[Forward by "Mantic59” – I would like to introduce you all to Cait, a barber by trade. Many of Sharpologist’s readers have an almost nostalgic relationship with barbering in some way, so I thought a series of articles by a barber might be interesting.] Hi. I’m Cait, and I have infiltrated the most sacred of male spaces: the barbershop. I am a barber.
As a female barber with four years behind the chair, there are quite a few things I’ve learned – my place in the barbershop, the first impressions men have of me, their faith in my ability to provide them with a quality service and experience, and what advantages and disadvantages I have as a woman in the barbering industry.
I’m a barber, thankyouverymuch.
When I tell people I’m a barber, their first question is usually this: “A barber? Or a hairstylist?”
I’m a barber. Just a barber. I don’t have a cosmetology license – the license more associated with women’s hair, makeup and nails – in addition to my barber’s license, as most female barbers do. I’ve just never had an interest in doing women’s hair.
I have a short, men’s-style haircut myself, and I prefer to chat with men when I’m cutting. I don’t have anything against women, really. I’ve just found that when I go into work, I’m there for one thing: cutting hair. I don’t have the time or the mental energy to act as a sounding board.
That makes me sound like I hate women. I don’t. It’s just not the job I signed up for. I went to school to learn how to cut and style classic and modern men’s cuts, to perform straight razor shaves, to trim and shape beards – not to be a therapist.
The barbershop is an environment I cherish.
I became a barber for the environment and the work. I love the smell of the barbershop – the Barbicide, the disinfectant sprays, the rich scents of mahogany and leather, the bay rum and various aftershaves and shave creams and products with woody, musky smells. I love the sounds: the soft alternative and classic rock, the buzz of the clippers, the easy, light banter. Most of these things are what men enjoy about the barbershop, too.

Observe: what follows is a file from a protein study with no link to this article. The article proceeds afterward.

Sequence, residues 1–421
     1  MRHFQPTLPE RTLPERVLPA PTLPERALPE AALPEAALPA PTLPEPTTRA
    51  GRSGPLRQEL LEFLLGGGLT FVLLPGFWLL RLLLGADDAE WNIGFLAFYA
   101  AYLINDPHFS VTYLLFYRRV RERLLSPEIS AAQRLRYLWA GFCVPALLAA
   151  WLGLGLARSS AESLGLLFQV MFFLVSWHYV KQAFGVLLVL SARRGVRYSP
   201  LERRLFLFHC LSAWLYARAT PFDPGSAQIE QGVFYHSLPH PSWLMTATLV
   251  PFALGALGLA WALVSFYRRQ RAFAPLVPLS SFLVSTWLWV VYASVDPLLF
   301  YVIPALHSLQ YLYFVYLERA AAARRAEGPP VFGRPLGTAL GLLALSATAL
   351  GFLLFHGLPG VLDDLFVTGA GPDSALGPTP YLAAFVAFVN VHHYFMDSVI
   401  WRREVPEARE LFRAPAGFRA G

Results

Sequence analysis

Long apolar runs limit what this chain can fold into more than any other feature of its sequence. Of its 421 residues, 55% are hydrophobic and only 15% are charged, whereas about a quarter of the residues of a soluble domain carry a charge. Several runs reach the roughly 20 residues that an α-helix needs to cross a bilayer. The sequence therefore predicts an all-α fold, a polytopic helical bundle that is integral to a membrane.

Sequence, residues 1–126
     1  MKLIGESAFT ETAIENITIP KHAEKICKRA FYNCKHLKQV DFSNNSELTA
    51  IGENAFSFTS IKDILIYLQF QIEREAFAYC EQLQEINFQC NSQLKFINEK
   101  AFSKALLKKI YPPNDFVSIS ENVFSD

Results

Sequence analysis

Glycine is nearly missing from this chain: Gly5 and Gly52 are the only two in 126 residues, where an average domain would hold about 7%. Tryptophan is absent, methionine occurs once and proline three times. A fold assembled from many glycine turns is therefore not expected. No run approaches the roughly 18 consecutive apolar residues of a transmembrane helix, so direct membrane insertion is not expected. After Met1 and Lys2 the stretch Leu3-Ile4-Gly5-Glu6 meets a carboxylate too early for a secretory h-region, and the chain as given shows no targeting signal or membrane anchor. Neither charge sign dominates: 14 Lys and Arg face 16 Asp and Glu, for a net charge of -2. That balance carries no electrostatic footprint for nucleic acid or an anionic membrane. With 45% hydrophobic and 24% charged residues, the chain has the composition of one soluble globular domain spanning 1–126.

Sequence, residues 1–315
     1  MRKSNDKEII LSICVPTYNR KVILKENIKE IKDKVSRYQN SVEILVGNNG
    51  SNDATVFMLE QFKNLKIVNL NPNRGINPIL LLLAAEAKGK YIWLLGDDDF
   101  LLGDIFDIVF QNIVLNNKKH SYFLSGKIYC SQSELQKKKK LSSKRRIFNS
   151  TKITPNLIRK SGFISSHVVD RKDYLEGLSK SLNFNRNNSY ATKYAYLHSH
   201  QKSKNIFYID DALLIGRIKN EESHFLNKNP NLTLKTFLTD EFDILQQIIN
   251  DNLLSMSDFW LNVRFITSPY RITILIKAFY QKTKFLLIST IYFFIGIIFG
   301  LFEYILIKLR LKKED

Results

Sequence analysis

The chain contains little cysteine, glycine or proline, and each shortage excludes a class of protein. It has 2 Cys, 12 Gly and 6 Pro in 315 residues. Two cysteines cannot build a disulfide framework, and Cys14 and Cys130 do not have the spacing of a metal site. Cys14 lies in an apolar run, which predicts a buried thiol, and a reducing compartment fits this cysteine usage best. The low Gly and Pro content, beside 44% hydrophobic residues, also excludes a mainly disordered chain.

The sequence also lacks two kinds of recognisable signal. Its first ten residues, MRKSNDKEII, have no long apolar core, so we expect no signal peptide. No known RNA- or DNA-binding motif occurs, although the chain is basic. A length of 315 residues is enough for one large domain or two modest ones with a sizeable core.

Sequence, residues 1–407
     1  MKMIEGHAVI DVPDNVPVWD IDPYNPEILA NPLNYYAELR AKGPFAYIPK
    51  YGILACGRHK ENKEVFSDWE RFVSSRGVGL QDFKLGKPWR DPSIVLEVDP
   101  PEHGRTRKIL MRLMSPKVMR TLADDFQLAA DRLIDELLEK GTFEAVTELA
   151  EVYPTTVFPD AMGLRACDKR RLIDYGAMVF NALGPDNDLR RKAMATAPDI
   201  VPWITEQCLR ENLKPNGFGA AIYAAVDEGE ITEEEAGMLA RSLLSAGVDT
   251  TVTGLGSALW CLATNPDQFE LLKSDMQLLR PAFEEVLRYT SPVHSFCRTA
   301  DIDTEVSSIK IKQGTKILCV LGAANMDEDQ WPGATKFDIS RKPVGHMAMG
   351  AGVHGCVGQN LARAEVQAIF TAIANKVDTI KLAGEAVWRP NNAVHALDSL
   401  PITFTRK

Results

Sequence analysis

And I like hanging out with guys. You’re cool. You’re laid-back. I enjoy talking to my clients about their work and business, beer, food, sports, and observations about the world. I don’t want to hear about what Susan said to Karen at the PTA meeting, or what someone’s husband did this week that pissed her off. And most guys don’t want to share that kind of thing either.
Guys get honest.
On occasion, a man will open up to me like that, and while it sometimes takes a toll, I’ve learned to consider it a privilege. I’ve heard both heartbreaking and hilarious stories from my clients.
Once, I was told that a client – whom I had just met – was struggling, because his wife thought he was no longer passionate about their life together, and was in the process of divorcing him and taking the kids. He cried in front of me that day, and it took everything I had not to cry with him.
Another time, a young military guy regaled me the tale of him walking in on his girlfriend of several years participating in some rather graphic sexcapades with her sister and sister’s boyfriend. He laughed about it, and I took that as my cue to laugh, too.
I had thought I had avoided playing therapist by becoming a barber, and for the most part, I have. These kinds of personal stories are rare, but for some reason, it doesn’t bother me like I thought it would. Maybe that is because when I hear these stories, it is men being their most vulnerable in front of me.
And that is an honor: that they have immersed themself in this manly haven and still have the courage to share their lives with me. It doesn’t feel like mindless complaining, it feels like they are confiding in me, on a level that I don’t see with most people I have just met.
I consistently have great conversations with men from all walks of life. I’m also a writer, and I love learning about my clients: their stories, their dreams and their experiences. It’s an endless wealth of information and content that I use to better understand the world, and more accurately write about it. I already know the female experience, because I live it every day.
In the barbershop, I get to hear the perspective of the other side.
Women are making a name for themselves, but we still have a ways to go.
There are some drawbacks to being a woman in a male-dominated industry. Women make up just 22% of the barbering workforce in America, and make on average $5,000 less in a year. It’s a start, but there is always room for improvement.